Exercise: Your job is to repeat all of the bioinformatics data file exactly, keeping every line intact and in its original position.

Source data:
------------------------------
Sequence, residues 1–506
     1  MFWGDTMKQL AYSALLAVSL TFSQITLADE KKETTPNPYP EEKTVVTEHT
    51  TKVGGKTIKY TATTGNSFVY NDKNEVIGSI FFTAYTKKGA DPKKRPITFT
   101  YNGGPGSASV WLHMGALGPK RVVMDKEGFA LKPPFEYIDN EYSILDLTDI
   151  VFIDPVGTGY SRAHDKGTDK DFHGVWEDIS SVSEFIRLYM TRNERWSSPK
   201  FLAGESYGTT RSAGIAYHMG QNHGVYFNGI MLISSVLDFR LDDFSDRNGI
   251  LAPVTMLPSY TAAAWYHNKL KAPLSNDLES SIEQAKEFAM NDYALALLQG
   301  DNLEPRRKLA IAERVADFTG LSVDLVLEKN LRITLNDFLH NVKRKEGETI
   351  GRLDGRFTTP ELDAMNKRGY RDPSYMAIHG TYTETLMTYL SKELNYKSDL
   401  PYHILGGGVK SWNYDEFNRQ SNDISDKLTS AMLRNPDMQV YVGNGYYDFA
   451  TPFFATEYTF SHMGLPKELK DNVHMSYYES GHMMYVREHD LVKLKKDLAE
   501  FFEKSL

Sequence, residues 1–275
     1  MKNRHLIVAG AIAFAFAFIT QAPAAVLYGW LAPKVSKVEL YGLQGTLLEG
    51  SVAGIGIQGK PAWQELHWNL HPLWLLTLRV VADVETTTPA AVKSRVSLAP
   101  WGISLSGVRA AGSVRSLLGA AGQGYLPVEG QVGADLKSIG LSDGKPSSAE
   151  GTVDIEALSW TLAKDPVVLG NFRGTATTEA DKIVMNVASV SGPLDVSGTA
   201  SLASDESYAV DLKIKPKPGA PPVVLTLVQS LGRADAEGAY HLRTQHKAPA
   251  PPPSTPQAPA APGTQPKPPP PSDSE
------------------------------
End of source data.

Sequence, residues 1–506
     1  MFWGDTMKQL AYSALLAVSL TFSQITLADE KKETTPNPYP EEKTVVTEHT
    51  TKVGGKTIKY TATTGNSFVY NDKNEVIGSI FFTAYTKKGA DPKKRPITFT
   101  YNGGPGSASV WLHMGALGPK RVVMDKEGFA LKPPFEYIDN EYSILDLTDI
   151  VFIDPVGTGY SRAHDKGTDK DFHGVWEDIS SVSEFIRLYM TRNERWSSPK
   201  FLAGESYGTT RSAGIAYHMG QNHGVYFNGI MLISSVLDFR LDDFSDRNGI
   251  LAPVTMLPSY TAAAWYHNKL KAPLSNDLES SIEQAKEFAM NDYALALLQG
   301  DNLEPRRKLA IAERVADFTG LSVDLVLEKN LRITLNDFLH NVKRKEGETI
   351  GRLDGRFTTP ELDAMNKRGY RDPSYMAIHG TYTETLMTYL SKELNYKSDL
   401  PYHILGGGVK SWNYDEFNRQ SNDISDKLTS AMLRNPDMQV YVGNGYYDFA
   451  TPFFATEYTF SHMGLPKELK DNVHMSYYES GHMMYVREHD LVKLKKDLAE
   501  FFEKSL

Sequence, residues 1–275
     1  MKNRHLIVAG AIAFAFAFIT QAPAAVLYGW LAPKVSKVEL YGLQGTLLEG
    51  SVAGIGIQGK PAWQELHWNL HPLWLLTLRV VADVETTTPA AVKSRVSLAP
   101  WGISLSGVRA AGSVRSLLGA AGQGYLPVEG QVGADLKSIG LSDGKPSSAE
   151  GTVDIEALSW TLAKDPVVLG NFRGTATTEA DKIVMNVASV SGPLDVSGTA
   201  SLASDESYAV DLKIKPKPGA PPVVLTLVQS LGRADAEGAY HLRTQHKAPA
   251  PPPSTPQAPA APGTQPKPPP PSDSE